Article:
There is no need to do repeated solves IF you can afford to do ONE computation of the null space. Just one call to null will suffice. Given a new vector V, if the dot product with V and the nullspace basis is non-zero, then V will increase the rank of the matrix. For example, suppose we have the matrix M, which of course has a rank of 2.
M = [1 1;2 2;3 1;4 2];
nullM = null(M')';
Will a new column vector [1;1;1;1] increase the rank if we appended it to M?
Yes, since it has a non-zero projection on at least one of the basis vectors in nullM.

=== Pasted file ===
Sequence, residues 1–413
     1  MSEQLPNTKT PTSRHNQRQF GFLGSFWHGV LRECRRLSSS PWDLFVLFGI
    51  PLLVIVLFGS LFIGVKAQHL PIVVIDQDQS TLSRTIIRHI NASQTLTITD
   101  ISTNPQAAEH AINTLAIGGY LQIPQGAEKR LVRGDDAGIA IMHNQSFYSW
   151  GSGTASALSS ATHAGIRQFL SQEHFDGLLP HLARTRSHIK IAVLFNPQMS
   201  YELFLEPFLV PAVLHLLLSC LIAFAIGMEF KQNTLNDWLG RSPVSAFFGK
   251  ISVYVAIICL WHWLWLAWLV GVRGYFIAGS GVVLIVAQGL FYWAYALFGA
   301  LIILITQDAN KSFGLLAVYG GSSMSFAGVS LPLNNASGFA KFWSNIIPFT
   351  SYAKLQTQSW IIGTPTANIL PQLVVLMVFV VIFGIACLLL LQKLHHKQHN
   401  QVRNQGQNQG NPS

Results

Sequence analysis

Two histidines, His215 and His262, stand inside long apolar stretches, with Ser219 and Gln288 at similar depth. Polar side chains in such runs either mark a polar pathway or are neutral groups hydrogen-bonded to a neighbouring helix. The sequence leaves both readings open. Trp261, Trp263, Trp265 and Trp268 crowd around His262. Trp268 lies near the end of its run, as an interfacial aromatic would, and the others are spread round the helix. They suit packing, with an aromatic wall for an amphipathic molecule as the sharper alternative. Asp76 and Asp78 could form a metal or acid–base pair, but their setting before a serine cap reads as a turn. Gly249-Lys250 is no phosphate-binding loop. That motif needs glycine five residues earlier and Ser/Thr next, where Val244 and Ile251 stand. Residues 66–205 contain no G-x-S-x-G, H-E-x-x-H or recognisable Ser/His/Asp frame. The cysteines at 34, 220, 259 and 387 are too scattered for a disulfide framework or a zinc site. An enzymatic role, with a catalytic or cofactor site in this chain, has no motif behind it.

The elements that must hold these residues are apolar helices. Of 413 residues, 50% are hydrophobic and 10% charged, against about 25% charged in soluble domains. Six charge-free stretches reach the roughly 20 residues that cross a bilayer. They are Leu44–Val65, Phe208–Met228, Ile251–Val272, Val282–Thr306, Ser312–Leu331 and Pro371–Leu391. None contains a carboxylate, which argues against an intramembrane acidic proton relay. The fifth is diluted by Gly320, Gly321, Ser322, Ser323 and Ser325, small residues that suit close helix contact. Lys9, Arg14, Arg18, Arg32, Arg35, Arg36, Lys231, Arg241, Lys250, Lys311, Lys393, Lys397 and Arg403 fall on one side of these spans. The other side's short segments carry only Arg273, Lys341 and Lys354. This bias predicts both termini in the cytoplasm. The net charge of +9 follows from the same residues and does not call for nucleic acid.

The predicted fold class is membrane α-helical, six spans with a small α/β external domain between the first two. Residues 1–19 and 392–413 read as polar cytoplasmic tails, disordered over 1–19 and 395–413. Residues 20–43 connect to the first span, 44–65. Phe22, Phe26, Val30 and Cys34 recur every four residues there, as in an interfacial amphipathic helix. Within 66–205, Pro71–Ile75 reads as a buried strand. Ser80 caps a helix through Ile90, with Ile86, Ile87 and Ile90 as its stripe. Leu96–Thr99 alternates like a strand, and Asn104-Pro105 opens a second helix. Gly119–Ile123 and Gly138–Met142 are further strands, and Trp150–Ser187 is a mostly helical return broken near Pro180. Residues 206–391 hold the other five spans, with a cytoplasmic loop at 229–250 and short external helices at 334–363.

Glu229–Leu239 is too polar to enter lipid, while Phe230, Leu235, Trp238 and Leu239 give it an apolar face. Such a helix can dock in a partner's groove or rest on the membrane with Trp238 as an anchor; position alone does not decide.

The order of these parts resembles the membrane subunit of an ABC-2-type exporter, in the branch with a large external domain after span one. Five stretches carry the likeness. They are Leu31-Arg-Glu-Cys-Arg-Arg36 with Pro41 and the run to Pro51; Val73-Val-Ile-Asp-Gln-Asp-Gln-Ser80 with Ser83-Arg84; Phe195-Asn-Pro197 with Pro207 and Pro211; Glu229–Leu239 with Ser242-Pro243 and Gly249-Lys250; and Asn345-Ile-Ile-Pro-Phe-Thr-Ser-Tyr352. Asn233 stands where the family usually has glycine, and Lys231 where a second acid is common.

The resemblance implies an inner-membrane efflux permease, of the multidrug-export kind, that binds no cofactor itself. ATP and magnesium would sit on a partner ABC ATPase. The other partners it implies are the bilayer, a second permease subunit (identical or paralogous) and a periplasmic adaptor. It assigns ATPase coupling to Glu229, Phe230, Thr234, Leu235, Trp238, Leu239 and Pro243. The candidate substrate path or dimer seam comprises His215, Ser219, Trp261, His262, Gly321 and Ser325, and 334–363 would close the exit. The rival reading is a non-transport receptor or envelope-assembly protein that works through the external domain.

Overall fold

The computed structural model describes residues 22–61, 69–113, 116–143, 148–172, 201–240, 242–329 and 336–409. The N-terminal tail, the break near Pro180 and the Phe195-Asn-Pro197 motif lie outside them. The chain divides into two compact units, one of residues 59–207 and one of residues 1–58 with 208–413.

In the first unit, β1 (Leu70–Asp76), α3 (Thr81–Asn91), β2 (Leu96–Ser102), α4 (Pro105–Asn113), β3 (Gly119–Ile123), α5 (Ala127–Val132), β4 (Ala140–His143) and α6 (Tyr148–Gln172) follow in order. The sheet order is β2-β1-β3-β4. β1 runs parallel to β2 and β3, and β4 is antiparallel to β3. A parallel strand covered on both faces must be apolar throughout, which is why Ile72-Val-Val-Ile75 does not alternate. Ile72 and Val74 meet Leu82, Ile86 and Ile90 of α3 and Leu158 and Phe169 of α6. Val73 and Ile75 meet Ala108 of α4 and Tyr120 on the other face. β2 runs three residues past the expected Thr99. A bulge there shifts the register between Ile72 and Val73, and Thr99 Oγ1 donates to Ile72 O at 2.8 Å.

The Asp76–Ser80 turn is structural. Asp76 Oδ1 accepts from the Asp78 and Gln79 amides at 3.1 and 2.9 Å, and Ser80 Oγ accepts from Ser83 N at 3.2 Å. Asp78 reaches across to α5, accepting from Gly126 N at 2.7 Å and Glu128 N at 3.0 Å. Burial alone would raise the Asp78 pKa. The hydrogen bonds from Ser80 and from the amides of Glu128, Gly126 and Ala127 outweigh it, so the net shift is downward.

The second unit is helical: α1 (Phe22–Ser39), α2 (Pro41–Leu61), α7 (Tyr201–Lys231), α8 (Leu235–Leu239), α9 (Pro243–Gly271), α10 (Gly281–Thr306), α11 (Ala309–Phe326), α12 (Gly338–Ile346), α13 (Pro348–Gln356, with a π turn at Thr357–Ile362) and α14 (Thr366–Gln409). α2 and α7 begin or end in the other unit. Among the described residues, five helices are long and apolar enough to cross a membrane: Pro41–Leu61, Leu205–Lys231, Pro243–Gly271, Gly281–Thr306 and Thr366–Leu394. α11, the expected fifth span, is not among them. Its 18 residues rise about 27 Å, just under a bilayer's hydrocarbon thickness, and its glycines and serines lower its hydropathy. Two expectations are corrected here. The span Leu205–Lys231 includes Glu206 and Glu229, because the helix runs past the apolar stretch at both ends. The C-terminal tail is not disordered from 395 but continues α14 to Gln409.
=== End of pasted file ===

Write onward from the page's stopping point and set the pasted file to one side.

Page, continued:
How about this vector:
In this case, both numbers are essentially zero, so the vector in question would not have increased the rank of M.
The point is, only a simple matrix-vector multiplication is necessary once the null space basis has been generated. If your matrix is too large (and the matrix nearly of full rank) that a call to null will fail here, then you will need to do more work. However, n = 4096 is not excessively large as long as the matrix does not have too many columns.
One alternative if null is too much is a call to svds, to find those singular vectors that are essentially zero. These will form the nullspace basis that we need.